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G. B. De Ferrari’s considerations on Ischia in 1826

mappa ischia

In 1826 G. B. De Ferrari publishes his “New Guide to Naples and to the environs of Procida, Ischia and Capri”. What follows is a part of the section dedicated to Ischia. The future portyard is still a lake, compared by to the Author to the near Miseno Lake; the sinister use of the “marrazzo” by some inhabitants of the Island is also mentioned. ORIGINAL VERSION


Proceeding on, the traveler arrives at a small hamlet called il Borgo, a short distance beyond which there is on the right side of the road, a small lake. From an iscription which is still apparent on the entrance to it, it seems that this spot was in 1760 offered by the Comon of Ischia to king Ferdinand for fishing […]. The traveller who has already seen Mare Morto near Miniscola [1] will perceive some resemblance between that and the present lake, both being separated from the sea by a mere neck of land, but this one is far smaller than the other.


[…] The inhabitants in general are well made, of a fine stature, lively, and more disposed for an active life than most men in southern countries; this deisposition is very likely comunicated to them by the ambient air which they breath, being exposed, continually agitated by winds, and impregnated with nitrous and sulfuric atoms. Their number in the whole island amounts to 24000, four thousand of which occupy the town, a great number of whom, as well ass, of those belonging to Foria and Casamicca, are sailors or fishermen; the rest may be divided into three classes, namely freeholders, manufacturers and labourers who constantly wear their hooks hanging on their side; we have heard respectable persons lamenting such a habit, as this instrument becomes a dangerous weapon whenever quarrels arise among them.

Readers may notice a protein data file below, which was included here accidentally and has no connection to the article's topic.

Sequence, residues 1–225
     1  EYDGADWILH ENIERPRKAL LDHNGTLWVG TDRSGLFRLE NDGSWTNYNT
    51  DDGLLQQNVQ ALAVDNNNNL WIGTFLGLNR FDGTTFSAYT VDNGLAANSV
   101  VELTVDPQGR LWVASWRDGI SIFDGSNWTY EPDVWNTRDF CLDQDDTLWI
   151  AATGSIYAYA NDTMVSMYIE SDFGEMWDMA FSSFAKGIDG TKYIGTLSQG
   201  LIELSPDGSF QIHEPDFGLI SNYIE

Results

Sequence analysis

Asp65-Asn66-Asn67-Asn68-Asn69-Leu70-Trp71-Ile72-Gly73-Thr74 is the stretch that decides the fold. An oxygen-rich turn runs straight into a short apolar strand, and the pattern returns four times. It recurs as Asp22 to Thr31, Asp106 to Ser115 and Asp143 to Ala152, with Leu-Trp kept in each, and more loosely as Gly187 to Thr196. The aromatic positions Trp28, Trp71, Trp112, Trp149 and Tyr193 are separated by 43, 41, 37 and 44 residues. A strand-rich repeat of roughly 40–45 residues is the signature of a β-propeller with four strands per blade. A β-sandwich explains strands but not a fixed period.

The number of foreigners and Neapolitan gentlemen who go to Ischia, to take baths or stoves, is very considerable. Others repair there merely to see the interesting parts of the Island, and the expense of all greatly contributes to the prosperity of the inhabitants, especially at Casamiccia which contains the most frequented baths and stoves. For the rest natural remedies of this kind may be found in almost every corner of the island, and their different temperatures and effect offer as many means of curing an equal number of infirmities.

The government of the Island with respect to ecclesiastical affairs is trusted to a Bishop residing at Celso; the judicial power is excercised by tho Justices one of whom seats likewise at Celso, and the other at Foria; at leght the administrative authority ends in the respective mayors (Sindaci) who depend on the Sous prefecture (Sott’intendenza) of Pozzuoli

[1]Lake Miseno (click here)

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